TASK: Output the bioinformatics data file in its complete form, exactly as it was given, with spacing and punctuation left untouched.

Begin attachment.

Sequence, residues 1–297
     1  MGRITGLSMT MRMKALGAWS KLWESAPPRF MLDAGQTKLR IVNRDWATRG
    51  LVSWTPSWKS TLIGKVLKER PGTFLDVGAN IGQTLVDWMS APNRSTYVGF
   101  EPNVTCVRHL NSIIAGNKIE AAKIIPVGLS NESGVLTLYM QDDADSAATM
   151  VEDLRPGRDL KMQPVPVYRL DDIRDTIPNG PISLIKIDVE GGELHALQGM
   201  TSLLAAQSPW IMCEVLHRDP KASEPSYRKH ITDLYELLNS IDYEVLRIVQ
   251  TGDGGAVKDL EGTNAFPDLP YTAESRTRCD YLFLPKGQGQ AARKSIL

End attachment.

Sequence, residues 1–297
     1  MGRITGLSMT MRMKALGAWS KLWESAPPRF MLDAGQTKLR IVNRDWATRG
    51  LVSWTPSWKS TLIGKVLKER PGTFLDVGAN IGQTLVDWMS APNRSTYVGF
   101  EPNVTCVRHL NSIIAGNKIE AAKIIPVGLS NESGVLTLYM QDDADSAATM
   151  VEDLRPGRDL KMQPVPVYRL DDIRDTIPNG PISLIKIDVE GGELHALQGM
   201  TSLLAAQSPW IMCEVLHRDP KASEPSYRKH ITDLYELLNS IDYEVLRIVQ
   251  TGDGGAVKDL EGTNAFPDLP YTAESRTRCD YLFLPKGQGQ AARKSIL